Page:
March 25, 2022, Taylor Hawkins, drummer of the Foo Fighters, dies from his hotel room, while the band is on tour. It is a shock for the entire rock universe and more generally of music. After several months of silence is organized with great fanfare two tribute concerts under the logical name Taylor Hawkins Tribute Concert. One in London, one in Los Angeles. For those like us who have the chance to watch it on our computer screen, it’s hard to hide our emotion about one of the most influential drummers of his generation.
The question that revolved in every editorial in the world as well as in the entire music industry was simple: Will the Foo Fighters continue? And it is December 31 of that same year that the news came out: The Foo will return. The international tour was cancelled and the band returned to the studio. But Here We Are is the album response to this event, but also linked to another tragic event: the disappearance of Dave Grohl’s mother, Virginia, also arrived in 2022. Of course, we have few surprises regarding the themes of the album.
And it is with the song and first single revealed Rescued that the album begins. And, while Grohl in his lyrics has always avoided speaking directly about another disappearance that traumatized him, Kurt Cobain, from the first two lines of the verse, the subject is thrown to arms the body with Taylor Hawkins. Musically, we find a punchy piece, marked by very percussive drums and a vocal performance of Dave Grohl who throws himself in the battle.
We will also note in this piece the magnificent vocal melody of the chorus, with, as always at home, a work of arrangement brilliant enough to lead to this section of the piece. The concern, which we were afraid of when we knew it would be Greg Kurstin again, would necessarily be the production of the whole.
For those who don’t know, Kurstin has been in charge of producing Foo Fighters albums from Concrete & Gold, and which, in our opinion, has precisely sacrificed the potential of Concrete & Gold as well as Medecine at Midnight through production choices leaving aside the dynamics for an overcompression of the sound ensemble. Unfortunately, this is something that we will find here also for a big part of the album, with in particular a too strong presence of the high frequencies and especially those of the cymbals of the battery.
But unlike these two predecessors, the power of the compositions of this album manages to overcome the mixing problems, it is something that we feel more about songs like But Here We Are, where overcompensating much of the song is disturbing, but works totally during the chorus, including Dave’s screams.
What is interesting is that during more acoustic passages such as the introduction of The Glass, the production is lighter and leaves much more room. Too bad it hasn’t gone any further. But once again, on such a piece, the acoustic introduction passage to electricity and energy cruelly lacks dynamics where it could have been a nice sound punch. Besides, it’s an interesting themed track because it talks again about the relationship between Dave Grohl and Taylor hawkins and their resemblance, and that they considered themselves brothers.
A brother and a mother
The second thematic and musical part of the album begins with Show Me How. We leave the overcompressed rock of the last albums to transition to a rather original music for the band, more focused on new-wave/shoegaze sounds. A unique register in their repertoire, necessarily very interesting. And this evolution in production gives the impression that the previous choices were partly really wanted and conceptualized.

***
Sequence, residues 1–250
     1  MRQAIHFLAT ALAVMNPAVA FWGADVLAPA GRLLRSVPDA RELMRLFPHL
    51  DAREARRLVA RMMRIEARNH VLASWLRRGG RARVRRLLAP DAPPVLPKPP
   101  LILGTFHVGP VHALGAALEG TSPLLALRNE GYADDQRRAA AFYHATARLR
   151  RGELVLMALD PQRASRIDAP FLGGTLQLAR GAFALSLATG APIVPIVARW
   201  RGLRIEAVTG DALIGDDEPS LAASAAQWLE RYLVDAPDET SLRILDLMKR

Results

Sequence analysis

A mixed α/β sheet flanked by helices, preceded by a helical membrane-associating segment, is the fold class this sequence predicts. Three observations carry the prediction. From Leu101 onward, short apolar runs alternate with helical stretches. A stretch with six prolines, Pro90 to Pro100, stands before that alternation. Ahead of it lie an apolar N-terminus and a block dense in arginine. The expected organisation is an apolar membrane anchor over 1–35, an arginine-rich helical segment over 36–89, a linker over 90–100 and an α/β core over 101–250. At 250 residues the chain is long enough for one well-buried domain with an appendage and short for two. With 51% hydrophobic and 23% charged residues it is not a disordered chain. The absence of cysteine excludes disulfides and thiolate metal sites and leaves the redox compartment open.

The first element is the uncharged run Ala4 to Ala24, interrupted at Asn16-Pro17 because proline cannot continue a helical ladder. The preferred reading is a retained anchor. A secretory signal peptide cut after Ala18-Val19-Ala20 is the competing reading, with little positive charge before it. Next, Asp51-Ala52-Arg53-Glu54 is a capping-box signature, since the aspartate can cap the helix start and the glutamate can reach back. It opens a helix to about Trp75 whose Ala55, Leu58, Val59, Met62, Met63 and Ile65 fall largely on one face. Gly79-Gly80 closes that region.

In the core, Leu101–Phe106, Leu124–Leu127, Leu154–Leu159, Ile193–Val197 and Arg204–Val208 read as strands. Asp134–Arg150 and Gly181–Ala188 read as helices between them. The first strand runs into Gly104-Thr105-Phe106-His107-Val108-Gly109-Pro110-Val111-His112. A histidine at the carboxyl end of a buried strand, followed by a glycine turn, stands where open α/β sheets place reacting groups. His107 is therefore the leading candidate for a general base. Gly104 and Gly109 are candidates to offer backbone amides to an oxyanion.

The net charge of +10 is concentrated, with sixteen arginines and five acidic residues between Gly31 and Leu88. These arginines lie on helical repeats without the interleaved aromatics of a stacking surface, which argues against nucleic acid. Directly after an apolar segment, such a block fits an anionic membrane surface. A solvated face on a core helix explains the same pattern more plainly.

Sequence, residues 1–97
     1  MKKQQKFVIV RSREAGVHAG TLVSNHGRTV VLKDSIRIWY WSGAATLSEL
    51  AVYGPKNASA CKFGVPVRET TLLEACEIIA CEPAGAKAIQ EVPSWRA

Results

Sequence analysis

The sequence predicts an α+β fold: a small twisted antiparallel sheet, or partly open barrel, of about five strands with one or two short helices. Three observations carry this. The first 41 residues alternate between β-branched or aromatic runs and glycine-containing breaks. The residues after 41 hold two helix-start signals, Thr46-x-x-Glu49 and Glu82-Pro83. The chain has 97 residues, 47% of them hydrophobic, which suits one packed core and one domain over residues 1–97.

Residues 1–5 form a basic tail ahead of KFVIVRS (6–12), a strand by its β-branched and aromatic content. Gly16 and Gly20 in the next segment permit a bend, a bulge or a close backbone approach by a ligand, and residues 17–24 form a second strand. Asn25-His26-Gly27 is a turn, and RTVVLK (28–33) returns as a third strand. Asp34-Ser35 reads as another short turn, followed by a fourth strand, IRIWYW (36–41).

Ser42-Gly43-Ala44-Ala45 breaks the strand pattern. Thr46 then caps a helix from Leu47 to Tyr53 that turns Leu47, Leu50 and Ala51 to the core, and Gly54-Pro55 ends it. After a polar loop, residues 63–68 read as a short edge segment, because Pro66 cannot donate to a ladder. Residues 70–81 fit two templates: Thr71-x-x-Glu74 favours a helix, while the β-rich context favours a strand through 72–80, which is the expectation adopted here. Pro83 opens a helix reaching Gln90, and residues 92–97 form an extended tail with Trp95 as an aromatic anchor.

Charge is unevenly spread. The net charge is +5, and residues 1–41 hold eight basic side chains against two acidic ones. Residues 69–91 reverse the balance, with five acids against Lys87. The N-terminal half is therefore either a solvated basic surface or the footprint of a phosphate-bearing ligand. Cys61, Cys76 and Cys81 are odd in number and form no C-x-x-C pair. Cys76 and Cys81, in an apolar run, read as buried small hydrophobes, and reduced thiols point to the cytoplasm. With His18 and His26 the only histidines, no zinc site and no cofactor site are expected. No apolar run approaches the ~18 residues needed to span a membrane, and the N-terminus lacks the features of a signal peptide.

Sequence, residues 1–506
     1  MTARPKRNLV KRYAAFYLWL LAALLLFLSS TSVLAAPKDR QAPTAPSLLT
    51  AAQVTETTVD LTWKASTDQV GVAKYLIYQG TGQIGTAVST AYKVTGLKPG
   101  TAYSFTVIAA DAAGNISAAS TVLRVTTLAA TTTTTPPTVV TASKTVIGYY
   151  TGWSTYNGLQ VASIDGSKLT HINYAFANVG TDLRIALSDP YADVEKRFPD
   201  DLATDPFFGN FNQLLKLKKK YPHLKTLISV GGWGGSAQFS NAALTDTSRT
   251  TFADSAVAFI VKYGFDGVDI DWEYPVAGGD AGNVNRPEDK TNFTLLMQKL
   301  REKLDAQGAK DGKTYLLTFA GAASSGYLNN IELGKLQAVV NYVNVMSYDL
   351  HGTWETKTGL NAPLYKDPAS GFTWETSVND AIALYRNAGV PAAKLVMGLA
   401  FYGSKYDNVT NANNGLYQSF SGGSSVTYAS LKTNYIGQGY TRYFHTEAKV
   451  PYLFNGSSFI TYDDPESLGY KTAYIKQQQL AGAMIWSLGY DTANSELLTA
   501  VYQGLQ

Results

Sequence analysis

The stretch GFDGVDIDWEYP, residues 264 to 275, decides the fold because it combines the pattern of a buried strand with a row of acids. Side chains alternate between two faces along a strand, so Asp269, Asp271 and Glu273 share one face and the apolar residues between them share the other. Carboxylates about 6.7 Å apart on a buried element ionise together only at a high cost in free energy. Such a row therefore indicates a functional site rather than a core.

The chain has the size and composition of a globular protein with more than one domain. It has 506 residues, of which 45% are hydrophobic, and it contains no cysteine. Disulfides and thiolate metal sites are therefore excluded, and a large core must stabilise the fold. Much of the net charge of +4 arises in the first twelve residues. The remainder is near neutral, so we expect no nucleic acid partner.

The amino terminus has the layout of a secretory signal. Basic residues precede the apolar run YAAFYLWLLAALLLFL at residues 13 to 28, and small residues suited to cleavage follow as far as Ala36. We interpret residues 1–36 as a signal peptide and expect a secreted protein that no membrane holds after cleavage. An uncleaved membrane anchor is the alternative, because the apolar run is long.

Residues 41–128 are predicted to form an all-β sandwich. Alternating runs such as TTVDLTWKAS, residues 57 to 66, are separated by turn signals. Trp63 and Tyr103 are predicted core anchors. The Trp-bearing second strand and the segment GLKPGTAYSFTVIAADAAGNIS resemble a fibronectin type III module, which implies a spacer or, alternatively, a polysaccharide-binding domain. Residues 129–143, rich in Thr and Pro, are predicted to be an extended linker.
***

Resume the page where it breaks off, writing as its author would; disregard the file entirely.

The second theme of this album is necessarily the disappearance of Dave Grohl’s mother. From then on, it was also his daughter, Violet, who joined him to sing a “Where Are We Now” in a chorus that seems to come out of limbo from a meeting between the Cure, David Bowie and My Bloody Valentine.
And after an forgettable Beyond Me which is a kind of evolutionary rerun of Under You, also integrating the loss of his mother in his mourning of Taylor Hawkins arrives the big song and what is certainly one of the best songs ever written by the band: The Teacher.
And here, it’s no less than ten minutes of diving into Dave Grohl’s grief over his mother’s disappearance. A sublime progressive song to listen to from end to end. The song also talks about Dave’s fear of wondering who will be the next person around him to leave. Musically again we are in a dive close to the shoegaze, with in addition this progressive dimension, which proposes different passages that can also symbolize the stages of mourning of the singer.
And in addition, the production and mixing follows 100% all the artistic attempts of this piece, there is immediately more dynamics, and an effect of overcompression to the extreme going to the auditory distortion to conclude the piece, giving meaning to the whole ensemble. The ensemble is intended as a transition to the ultimate piece of the album, Rest, which imposes itself as a beautiful conclusion while nuanced of the hardships crossed by the band and Dave Grohl.
But Here We Are is without a doubt one of the best albums of the band, the best since Wasting Lights without hesitation. It is above all a striking album by its mono-thematic, that of mourning, and which necessarily marks the history of the band and its transition to a new period of the life of the band which will necessarily be different compared to what we knew before.
But Here We Are – Foo Fighter
- Dave Grohl : Voix, parolier, guitare, batterie, co-production
- Nate Mendel : basse, choeurs,
- Chris Shiflett : guitare, choeurs
- Pat Smear : guitare
- Rami Jaffee : claviers
- Violet Grohl : voix sur “Show Me How”
- Greg Kurstin : Production
Notre note :